The 790 foot cargo ship, El Faro, was lost at sea during Hurricane Joaquin. The search operation was ended earlier this week.

The search for survivors from El Faro has been called off, the crew consigned to the depths. We are left to mourn the loss of 33 brave mariners, 28 of whom were American. But as we mourn, we should also be angered, because their deaths may very well have been avoidable. Hurricane Joaquin wasn’t the sole culprit; it had an accomplice, and that accomplice is a monstrous piece of legislation known as the Jones Act.

Between the lines of this disaster, something should jump out at the reader: What were those sailors, in the middle of a Category 4 hurricane, doing onboard a vessel dating back to the Ford administration? In an era where we replace our phones every two years and trade in our car leases in not much longer than that, why is it that these people were stranded in the middle of a maelstrom aboard what El Faro seaman Chris Cash called a “rust bucket”?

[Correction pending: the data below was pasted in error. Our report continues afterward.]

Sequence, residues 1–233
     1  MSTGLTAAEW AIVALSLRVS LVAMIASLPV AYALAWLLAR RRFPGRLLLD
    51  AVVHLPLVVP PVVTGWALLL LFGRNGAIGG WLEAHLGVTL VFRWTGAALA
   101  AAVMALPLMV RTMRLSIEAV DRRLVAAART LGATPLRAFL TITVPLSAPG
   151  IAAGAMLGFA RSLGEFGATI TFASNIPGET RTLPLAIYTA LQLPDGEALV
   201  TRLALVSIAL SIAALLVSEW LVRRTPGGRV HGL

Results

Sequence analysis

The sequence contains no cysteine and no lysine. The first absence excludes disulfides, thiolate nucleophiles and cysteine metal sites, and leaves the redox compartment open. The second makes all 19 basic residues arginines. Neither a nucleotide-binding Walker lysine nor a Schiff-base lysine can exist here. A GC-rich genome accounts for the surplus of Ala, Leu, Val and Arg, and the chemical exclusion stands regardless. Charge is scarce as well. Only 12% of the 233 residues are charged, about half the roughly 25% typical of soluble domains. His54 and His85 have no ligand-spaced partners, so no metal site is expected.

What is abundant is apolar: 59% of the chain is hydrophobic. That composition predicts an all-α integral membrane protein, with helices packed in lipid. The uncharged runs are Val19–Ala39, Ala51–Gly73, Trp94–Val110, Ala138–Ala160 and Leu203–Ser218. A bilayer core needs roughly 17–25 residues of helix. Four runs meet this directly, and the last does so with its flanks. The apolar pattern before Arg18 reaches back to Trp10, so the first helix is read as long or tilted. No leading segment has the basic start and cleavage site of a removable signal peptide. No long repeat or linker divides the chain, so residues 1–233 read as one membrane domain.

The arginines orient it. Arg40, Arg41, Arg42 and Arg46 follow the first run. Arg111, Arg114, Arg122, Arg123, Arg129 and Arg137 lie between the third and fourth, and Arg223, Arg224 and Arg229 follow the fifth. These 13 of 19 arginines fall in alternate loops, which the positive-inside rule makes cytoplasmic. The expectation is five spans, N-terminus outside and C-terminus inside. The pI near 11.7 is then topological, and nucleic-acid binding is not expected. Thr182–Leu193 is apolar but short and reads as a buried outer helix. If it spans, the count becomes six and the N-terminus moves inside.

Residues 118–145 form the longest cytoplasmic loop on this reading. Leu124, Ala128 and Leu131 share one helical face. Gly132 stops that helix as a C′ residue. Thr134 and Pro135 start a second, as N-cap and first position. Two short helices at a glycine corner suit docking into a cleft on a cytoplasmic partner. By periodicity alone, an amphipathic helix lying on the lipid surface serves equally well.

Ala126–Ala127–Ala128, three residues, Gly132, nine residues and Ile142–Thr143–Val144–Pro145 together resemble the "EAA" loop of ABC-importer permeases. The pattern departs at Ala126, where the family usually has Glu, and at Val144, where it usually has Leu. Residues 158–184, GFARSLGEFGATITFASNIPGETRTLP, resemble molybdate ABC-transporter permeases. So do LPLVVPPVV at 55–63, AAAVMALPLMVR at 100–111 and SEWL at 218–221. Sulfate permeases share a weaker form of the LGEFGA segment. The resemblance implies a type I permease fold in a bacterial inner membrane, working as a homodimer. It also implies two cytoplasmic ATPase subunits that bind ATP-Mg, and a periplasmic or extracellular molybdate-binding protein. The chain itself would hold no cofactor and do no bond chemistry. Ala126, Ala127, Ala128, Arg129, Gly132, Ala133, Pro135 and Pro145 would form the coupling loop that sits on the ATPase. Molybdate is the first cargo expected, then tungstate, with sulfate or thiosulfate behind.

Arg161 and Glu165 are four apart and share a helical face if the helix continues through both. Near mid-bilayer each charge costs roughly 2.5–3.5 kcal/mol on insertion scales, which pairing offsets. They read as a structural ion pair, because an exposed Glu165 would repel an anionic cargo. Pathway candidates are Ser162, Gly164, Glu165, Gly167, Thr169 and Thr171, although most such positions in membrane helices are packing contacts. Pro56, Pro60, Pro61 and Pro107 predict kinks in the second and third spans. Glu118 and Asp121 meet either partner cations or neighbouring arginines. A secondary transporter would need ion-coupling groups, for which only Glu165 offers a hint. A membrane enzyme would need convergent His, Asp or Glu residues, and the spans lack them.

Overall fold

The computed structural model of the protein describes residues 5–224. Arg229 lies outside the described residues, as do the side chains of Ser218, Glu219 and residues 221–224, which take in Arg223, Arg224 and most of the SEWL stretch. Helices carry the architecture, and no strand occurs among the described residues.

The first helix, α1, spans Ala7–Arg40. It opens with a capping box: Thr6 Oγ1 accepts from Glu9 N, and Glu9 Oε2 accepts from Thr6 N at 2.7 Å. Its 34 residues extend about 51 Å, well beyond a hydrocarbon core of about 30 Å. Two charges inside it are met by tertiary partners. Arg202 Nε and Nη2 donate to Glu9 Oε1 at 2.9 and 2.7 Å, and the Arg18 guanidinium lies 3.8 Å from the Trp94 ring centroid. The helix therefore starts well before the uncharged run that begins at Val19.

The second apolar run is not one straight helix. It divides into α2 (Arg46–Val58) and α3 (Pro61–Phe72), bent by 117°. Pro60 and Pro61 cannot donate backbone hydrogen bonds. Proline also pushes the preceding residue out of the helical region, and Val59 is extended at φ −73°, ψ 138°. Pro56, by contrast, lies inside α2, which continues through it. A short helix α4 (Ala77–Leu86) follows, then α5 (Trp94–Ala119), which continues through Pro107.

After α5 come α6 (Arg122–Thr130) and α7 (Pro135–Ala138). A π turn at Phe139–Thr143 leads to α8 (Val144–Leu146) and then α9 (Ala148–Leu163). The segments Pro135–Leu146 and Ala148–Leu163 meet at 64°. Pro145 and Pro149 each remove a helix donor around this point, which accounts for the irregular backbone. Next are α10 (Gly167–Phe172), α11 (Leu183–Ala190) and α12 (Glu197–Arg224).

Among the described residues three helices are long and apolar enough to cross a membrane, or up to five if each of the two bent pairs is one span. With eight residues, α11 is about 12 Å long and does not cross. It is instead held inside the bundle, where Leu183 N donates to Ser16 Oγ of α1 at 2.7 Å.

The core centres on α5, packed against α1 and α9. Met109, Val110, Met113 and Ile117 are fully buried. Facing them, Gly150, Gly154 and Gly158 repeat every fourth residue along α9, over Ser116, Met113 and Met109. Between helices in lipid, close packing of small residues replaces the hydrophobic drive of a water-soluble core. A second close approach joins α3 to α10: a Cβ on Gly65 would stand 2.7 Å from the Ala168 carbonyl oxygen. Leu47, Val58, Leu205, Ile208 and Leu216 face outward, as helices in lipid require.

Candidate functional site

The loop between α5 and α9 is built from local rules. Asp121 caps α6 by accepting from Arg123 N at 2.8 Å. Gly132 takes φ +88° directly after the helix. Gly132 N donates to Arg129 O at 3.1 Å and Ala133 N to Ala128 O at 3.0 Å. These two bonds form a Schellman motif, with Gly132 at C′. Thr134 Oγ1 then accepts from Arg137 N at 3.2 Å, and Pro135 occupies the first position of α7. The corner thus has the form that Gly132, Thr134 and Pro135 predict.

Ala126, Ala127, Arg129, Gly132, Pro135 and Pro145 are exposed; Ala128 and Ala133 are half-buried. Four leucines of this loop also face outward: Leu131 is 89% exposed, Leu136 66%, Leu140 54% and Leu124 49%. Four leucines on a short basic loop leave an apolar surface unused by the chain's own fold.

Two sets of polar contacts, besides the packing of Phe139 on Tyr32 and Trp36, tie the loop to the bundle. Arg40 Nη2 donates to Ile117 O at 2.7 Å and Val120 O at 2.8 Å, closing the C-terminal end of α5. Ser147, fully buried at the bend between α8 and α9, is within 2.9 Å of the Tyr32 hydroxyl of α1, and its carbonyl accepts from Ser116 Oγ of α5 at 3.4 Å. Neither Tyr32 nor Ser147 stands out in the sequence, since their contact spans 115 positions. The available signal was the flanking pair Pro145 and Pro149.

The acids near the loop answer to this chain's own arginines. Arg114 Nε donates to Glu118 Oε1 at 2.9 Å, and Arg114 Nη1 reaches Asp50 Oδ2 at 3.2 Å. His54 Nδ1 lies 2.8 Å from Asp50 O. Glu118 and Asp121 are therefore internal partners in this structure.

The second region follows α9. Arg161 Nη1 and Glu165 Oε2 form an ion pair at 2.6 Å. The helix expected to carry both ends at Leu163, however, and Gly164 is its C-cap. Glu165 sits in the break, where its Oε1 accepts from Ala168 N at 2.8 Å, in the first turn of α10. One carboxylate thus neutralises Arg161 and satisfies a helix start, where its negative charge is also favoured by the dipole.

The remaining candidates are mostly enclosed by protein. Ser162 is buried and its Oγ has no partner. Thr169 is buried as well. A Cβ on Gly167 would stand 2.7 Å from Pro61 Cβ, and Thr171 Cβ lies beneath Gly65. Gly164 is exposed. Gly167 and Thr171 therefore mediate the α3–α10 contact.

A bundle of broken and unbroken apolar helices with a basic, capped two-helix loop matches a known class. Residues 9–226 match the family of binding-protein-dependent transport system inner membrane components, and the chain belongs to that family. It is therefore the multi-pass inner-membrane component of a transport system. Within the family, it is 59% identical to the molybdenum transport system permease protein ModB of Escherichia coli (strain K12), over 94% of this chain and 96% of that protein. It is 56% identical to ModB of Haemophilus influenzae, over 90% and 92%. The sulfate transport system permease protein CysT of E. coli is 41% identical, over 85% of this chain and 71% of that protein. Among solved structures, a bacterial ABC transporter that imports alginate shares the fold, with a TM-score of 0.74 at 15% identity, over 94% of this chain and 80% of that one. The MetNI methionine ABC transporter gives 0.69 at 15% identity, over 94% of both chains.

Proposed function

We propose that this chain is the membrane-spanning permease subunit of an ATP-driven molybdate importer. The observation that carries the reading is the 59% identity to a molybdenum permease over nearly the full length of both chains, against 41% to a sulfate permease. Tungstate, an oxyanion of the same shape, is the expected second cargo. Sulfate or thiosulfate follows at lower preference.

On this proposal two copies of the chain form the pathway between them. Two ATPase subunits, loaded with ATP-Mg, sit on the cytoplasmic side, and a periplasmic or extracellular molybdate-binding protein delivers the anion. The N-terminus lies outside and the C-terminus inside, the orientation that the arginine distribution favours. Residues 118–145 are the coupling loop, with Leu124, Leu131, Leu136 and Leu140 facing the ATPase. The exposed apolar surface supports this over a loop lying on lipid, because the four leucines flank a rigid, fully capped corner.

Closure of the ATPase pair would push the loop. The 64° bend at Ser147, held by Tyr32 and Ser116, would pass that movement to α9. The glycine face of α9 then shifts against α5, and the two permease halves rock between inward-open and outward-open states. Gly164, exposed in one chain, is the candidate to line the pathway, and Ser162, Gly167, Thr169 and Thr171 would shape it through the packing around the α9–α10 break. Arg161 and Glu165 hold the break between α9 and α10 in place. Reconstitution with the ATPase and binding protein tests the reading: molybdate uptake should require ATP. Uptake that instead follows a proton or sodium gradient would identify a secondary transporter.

Read more at National Review

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